Exercising and Taking Vitamin D and Omega-3 Supplements May Reduce Your Cancer Risk By 61%, Study Says

This study is the first of its kind to explore utilizing three separate preventative health tactics to minimize the risk of developing invasive cancers.

vitamin softgels in hand
Photo: Evgeniia Siiankovskaia / Getty Images

You already know that exercising regularly can improve your health in many ways, and the health benefits of taking vitamin D and omega-3 supplements have been widely reported. Now, there's more good reason to consider adding these tools to your preventative health plan: a new study published in the journal Frontiers of Aging reports that combining exercise with both vitamin D and omega-3 supplements may also help reduce your risk of developing invasive cancers by 61 percent.

Over the course of the three-year trial—which took place in Switzerland, France, Germany, Austria, and Portugal—researchers tested the impact of daily doses of vitamin D3 (one form of vitamin D supplements, which is known to reduce cancer cell growth), omega-3s (which helps maintain healthy cells), and home strength training (which can boost your immunity and prevent inflammation) in 2,157 volunteers. The participants, who were all at least 70 years old, completed each treatment individually and together to see which tactic (or combination of tactics) could help reduce the risk of invasive cancer.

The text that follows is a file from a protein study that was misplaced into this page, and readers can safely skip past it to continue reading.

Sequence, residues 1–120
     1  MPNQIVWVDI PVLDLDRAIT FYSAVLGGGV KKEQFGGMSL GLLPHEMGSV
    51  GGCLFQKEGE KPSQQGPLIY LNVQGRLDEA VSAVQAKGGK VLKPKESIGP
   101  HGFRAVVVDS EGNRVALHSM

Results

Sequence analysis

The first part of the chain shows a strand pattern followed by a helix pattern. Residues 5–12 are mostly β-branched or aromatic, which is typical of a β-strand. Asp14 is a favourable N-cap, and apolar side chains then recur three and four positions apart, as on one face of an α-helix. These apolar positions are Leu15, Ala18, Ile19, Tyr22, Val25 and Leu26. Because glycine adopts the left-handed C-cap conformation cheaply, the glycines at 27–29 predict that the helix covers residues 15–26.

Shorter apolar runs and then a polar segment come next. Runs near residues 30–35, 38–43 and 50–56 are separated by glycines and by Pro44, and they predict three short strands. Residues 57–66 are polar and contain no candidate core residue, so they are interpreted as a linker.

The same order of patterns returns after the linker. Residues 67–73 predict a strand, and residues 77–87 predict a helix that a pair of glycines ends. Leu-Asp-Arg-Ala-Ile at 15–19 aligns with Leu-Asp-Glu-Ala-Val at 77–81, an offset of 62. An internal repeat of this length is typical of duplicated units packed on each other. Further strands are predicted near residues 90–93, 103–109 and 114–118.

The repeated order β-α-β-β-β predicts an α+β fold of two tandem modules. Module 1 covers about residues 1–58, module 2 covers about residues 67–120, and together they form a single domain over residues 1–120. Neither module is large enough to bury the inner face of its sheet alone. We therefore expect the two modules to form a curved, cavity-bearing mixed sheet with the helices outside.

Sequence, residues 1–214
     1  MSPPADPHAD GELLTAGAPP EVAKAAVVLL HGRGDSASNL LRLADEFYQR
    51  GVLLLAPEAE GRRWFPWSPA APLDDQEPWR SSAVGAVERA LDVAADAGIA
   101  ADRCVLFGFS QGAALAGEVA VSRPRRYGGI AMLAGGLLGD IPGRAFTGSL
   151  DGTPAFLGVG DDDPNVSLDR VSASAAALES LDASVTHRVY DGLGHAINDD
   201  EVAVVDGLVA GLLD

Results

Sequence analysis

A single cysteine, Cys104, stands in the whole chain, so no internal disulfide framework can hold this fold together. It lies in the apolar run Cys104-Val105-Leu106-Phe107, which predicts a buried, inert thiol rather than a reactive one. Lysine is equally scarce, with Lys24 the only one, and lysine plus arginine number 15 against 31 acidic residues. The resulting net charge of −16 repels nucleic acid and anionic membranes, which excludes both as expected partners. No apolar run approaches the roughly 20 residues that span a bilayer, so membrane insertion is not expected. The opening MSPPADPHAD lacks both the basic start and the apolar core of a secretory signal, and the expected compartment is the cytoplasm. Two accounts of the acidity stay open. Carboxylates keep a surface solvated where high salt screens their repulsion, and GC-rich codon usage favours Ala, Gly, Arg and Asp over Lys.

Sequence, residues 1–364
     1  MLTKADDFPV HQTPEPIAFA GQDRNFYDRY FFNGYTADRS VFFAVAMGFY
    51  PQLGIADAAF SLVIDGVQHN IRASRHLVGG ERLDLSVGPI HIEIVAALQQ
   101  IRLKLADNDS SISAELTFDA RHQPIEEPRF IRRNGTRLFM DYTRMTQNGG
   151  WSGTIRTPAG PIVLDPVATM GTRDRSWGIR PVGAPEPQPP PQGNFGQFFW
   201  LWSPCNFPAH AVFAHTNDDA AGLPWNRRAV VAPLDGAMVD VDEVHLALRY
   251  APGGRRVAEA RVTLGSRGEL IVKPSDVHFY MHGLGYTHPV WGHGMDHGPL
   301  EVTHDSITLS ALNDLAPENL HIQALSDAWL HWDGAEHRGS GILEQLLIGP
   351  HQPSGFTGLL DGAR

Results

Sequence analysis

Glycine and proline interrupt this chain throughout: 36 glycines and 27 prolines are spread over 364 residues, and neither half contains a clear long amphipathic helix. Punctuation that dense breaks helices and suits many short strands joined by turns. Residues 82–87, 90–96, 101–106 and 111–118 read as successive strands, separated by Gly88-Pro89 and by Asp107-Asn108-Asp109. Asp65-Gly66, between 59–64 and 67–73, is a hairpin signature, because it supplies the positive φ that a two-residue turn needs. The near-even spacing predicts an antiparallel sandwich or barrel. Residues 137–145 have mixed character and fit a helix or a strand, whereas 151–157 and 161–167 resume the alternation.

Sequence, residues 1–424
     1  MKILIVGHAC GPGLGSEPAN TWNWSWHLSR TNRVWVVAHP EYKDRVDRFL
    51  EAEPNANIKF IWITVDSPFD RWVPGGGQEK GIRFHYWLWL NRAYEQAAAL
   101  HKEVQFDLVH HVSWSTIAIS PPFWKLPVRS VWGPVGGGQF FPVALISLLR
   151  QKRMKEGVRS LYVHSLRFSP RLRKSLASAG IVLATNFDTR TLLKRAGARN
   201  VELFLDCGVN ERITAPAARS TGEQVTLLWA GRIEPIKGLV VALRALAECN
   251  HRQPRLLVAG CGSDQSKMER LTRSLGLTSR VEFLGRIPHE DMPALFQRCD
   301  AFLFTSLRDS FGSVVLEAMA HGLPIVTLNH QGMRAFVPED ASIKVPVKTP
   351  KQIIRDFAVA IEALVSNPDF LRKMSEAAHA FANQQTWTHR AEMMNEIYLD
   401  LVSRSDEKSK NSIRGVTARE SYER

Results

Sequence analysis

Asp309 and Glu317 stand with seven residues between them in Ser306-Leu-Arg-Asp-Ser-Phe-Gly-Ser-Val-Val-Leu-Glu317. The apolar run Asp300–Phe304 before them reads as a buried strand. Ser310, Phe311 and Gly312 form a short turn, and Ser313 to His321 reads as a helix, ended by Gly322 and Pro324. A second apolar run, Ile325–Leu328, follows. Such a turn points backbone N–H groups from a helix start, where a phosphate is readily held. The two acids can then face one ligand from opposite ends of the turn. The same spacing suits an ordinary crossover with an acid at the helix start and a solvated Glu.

The result: Although more research is needed for doctors to make definitive recommendations, Dr. Heike Bischoff-Ferrari of the University Hospital Zurich in Switzerland concluded that vitamin D3, omega-3s, and exercise all helped prevent invasive cancer risks among the study's participants. When doing all three, the researchers noted that the benefits were most fruitful, as the cancer risks were cut by 61 percent. "Our results, although based on multiple comparisons and requiring replication, may prove to be beneficial for reducing the burden of cancer," Bischoff-Ferrari said.

This study is the first of its kind to explore utilizing three separate preventative health tactics to reduce the risk of invasive cancers, which grow through the original tissue or cells. Bischoff-Ferrari noted that the team aimed to look beyond the general recommendations of avoiding smoking and excessive sun exposure in the research. "Preventive efforts in middle-aged and older adults today are largely limited to screening and vaccination efforts," she said.

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